Tuesday, January 24, 2017

Spanish Farro – An Ancient Recipe for an Ancient Grain

Spanish rice was one of the first recipes I made for my parents after returning home from my first semester at culinary school. Ironically, I didn’t learn the recipe in class, but rather at a Mexican restaurant I worked at part-time.

I don’t remember much from that job, or decade, but I’ll never forget how that rice was put together, and that’s exactly how we’re doing it here – except for one minor detail. We’re not using rice.  

I really love farro, and have used it in various rice preparations, always with great results. This was no exception, and maybe my favorite so far. This larger, meatier, “ancient” grain pairs perfect with the spices, and I find it even easier to cook perfectly than rice.

If you don’t have a pan like the one used in the video, simply prepare everything in a skillet. Once your broth starts to boil, transfer it into a 2-quart casserole dish, wrap with foil, and proceed as directed. Either way, I really hope you give this a try soon. Enjoy!  


Ingredients for 6 portions:
2 tablespoons butter
1/2 cup finely diced onions
1 1/2 teaspoons kosher salt, or to taste
2 teaspoons cumin
2 teaspoons ancho chili powder, or other dried, ground chili
1 teaspoon chipotle
1/4 teaspoon dried oregano
3 tablespoons tomato paste
1 cup “pearled” farro, rinsed, drained well
2 cups chicken broth

- Bake at 350 F for 50-60 minutes, or until farro is just tender

10 comments:

rnorningstar's wings said...

I probably won't end up actually trading this recipe any time soon, but I did do a bit of research -- rice DID come before farro, but only by about 1000-3000 years or so! I only skimmed the surface for research, but I followed "true farro", which happens to be known as "emmer", and it was around about 10,000 years ago, while rove has been around for 13,000 yeasts or so. So, it is pretty ancient, but it's not THE ancient grain.

I digress. I won't be trying this one soon, but I've tried many others, and they have all worked & been loved without fail. Though, I have found that I don't really like parsley, strangely.

choinire said...

If it is not possible to find farro, what is the best type of rice to replace it to get a similar result?

Yousra ALOMAMI said...

Looks delicious, can we add some king of protein like ground beef ? I'm thinking of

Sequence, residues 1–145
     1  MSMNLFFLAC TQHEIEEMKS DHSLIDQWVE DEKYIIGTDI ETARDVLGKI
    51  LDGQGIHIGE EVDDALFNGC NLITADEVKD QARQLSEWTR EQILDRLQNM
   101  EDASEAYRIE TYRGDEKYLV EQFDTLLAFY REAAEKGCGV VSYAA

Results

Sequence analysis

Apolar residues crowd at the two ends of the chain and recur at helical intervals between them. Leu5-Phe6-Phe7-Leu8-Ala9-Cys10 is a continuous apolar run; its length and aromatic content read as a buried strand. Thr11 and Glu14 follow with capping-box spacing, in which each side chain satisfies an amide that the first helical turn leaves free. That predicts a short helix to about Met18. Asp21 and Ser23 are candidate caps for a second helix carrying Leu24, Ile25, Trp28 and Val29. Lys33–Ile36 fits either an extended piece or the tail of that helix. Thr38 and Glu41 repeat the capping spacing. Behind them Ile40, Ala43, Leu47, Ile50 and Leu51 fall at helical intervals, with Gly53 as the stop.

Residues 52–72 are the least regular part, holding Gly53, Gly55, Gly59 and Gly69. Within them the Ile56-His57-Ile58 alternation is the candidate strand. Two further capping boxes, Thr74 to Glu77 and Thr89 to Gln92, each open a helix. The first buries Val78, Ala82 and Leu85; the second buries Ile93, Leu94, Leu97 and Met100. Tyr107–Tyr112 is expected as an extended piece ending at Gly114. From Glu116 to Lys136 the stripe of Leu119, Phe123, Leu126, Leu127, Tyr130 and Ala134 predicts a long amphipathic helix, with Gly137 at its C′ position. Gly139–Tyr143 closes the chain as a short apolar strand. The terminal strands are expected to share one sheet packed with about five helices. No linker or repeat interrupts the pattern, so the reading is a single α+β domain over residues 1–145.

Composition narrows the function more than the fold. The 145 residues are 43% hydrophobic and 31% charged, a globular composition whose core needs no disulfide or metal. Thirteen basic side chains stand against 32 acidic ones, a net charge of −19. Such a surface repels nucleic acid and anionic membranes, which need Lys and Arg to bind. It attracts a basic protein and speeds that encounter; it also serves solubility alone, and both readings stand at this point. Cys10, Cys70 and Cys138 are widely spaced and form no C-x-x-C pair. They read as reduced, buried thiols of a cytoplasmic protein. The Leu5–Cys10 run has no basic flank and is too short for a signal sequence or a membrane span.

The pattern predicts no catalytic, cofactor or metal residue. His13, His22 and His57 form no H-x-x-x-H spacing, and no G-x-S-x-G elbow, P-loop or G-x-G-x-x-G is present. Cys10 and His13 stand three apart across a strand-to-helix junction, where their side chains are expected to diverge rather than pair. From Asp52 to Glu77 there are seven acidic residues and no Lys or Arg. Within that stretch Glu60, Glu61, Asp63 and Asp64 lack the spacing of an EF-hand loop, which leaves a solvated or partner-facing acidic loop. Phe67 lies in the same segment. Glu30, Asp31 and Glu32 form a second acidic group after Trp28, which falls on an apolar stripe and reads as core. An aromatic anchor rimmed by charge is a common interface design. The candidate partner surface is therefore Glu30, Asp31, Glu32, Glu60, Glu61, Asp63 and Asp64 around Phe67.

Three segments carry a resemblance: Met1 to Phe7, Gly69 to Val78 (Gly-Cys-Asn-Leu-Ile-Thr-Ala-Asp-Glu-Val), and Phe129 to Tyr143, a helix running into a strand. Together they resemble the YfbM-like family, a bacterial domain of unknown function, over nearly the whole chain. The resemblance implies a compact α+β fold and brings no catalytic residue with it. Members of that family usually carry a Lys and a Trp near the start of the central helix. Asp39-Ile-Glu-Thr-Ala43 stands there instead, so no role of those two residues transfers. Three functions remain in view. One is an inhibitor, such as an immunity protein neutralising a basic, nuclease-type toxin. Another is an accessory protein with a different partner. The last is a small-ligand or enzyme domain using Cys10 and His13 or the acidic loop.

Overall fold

Something like a chili con carne but with farro ?

Chase Saunders said...

"Ancient grain" means closer to its wild ancestor.

Cliverton said...

Tough crowd here CJ.
My ancestors ate farro long before we convinced the rest or Europe tomatoes and potatoes were not of the devil. If it was good enough to hold an empire for a thousand years it is worth a try. We in the Great Experiment were looking to be that fortunate without farro. Oh well.

May the memory of Casa Del Sol, and Waterhole #3 live on.

This dish is even better with the farro for a hearty winter side, chewy spicy and bright (I spritzed a bit of lemon juice on top before serving).
Thanks for the memories.

wiiittttt said...

Is it possible to use whole grain instead of pearled for the farro? I've got the stuff from Bob and it doesn't seem to say anything about being pearled on it.

vbelden said...

I asked this same question on your Youtube channel...Chef John I have a question, is it more beneficial for you for us to watch your videos thru Youtube or on your blog or does it matter either way? I ask because I love your videos and watch them repeatedly on both. Please keep up the good works. :)

Jeff said...

Is this a side dish... meal? What type of entree would go well with this? I gotta have some meat!

Karen said...

Please tell me that is two servings. Please! My husband and I polished off all of it. Outstanding! I've never made a recipe of yours that disappointed me.

Patrick said...

Made this last night and enjoyed it. I could have used a little more broth, maybe another half cup or so, but it was still tasty. I topped it with roasted broccolini, which made for a nice pairing.